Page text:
British Journal of Nutrition

Full Papers

n-3 Polyunsaturated fatty acids and trans fatty acids in patients with the metabolic syndrome: a case–control study in Korea

Eunjeong Leea1, Sangyeoup Leea2 and Yongsoon Parka1 c1

a1 Department of Food and Nutrition, Hanyang University, Seoul, Korea

a2 Center for Obesity Nutrition and Metabolism, Family Medicine Division, Pusan National University Hospital and Medical Research Institute, Pusan National University, Pusan, Korea


n-3 and Trans fatty acids are considered to be the important modifiable factors of the metabolic syndrome. The purpose of this study was to test the hypothesis that lower Omega-3 fatty acids and/or higher trans fatty acids of erythrocytes (RBC) are associated with the risk of the metabolic syndrome. Forty-four patients with the metabolic syndrome, defined by three or more risk factors of the modified Adult Treatment Panel III criteria, and eighty-eight age- and sex-matched controls with less than three risk factors were recruited for the study. The mean age was 54·5 (sem 0·8) years and 45 % of subjects were female. Trans fatty acids of RBC were higher in patients than controls (0·82 (sem 0·04) v. 0·73 (sem 0·03) %; P = 0·043), while their Omega-3 indexes, the sum of EPA and DHA in RBC, did not significantly differ (11·78 (sem 0·04) v. 12·39 (sem 0·02) %). Multivariable-adjusted regression analysis showed positive association between trans fatty acid and risk of the metabolic syndrome (OR 7·13; 95 % CI 1·53, 33·27; P = 0·013). Fasting serum insulin (7·9 (sem 0·7) v. 4·9 (sem 0·3) μU/ml; P < 0·001) and high sensitivity C-reactive protein (18 (sem 3) v. 11 (sem 17) mg/l; P = 0·042) were also higher in patients than controls. There were significant positive relationships between trans fatty acids and waist circumference, and between trans fatty acids and BMI. The results suggested that RBC trans fatty acids might be a predictor of increased risk for the metabolic syndrome, but n-3 fatty acids were not in this population.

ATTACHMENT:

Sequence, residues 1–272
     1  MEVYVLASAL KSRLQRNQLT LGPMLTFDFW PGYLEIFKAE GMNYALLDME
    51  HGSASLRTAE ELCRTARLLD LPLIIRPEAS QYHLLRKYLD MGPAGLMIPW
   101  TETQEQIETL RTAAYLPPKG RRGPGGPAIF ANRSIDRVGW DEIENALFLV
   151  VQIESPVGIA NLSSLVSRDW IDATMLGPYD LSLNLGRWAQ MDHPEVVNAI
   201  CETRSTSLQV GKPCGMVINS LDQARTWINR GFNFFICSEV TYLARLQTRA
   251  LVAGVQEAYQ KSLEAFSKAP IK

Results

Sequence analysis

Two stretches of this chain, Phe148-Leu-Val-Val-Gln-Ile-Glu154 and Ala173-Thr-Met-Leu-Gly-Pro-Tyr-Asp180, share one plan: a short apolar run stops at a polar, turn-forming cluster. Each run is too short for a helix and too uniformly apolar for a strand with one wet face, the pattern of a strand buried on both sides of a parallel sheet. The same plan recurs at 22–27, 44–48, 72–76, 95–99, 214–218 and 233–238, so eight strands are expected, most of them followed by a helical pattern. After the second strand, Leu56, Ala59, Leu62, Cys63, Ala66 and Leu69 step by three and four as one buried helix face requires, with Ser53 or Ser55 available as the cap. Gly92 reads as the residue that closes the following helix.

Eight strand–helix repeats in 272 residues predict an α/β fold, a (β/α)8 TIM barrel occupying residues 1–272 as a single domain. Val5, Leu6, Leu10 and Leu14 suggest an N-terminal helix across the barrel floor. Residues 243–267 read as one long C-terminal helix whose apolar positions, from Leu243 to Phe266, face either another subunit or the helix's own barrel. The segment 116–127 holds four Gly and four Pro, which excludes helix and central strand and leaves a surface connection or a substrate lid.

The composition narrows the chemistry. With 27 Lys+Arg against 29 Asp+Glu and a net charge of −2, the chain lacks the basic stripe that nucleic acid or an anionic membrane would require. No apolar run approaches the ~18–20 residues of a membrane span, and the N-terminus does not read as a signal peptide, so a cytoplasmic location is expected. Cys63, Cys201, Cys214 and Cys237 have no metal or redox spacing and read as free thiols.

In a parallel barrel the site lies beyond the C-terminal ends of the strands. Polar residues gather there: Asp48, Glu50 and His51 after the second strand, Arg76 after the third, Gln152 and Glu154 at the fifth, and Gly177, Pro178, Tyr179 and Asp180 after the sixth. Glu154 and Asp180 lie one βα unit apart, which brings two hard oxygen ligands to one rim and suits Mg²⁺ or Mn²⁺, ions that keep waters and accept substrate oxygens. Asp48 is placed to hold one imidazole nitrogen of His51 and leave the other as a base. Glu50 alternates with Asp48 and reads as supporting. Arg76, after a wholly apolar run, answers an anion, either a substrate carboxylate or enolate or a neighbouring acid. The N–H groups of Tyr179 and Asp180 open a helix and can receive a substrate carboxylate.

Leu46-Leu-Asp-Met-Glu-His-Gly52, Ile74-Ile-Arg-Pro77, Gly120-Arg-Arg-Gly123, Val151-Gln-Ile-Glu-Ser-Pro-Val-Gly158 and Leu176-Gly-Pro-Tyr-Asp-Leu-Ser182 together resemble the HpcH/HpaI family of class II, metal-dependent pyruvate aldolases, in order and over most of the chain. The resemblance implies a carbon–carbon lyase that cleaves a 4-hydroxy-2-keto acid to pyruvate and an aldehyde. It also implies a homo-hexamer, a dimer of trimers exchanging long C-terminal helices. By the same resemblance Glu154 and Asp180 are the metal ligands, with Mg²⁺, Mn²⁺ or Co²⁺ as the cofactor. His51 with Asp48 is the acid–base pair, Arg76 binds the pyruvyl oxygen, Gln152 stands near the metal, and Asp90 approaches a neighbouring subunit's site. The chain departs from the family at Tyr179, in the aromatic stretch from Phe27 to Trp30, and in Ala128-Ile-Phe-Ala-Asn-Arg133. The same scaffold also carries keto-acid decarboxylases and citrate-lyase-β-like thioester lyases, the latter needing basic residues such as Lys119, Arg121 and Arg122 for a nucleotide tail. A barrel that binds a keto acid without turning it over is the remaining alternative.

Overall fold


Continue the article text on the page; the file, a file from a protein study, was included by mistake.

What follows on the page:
(Received July 09 2007)

(Revised November 19 2007)

(Accepted December 13 2007)

(Online publication February 28 2008)


c1 Corresponding author: Professor Yongsoon Park, fax +82 2 2292 1226, email


Abbreviations: ALT, alanine aminotransferase; HOMA-IR, homeostasis model assessment insulin resistance; hs-CRP, high sensitivity C-reactive protein; RBC, erythrocyte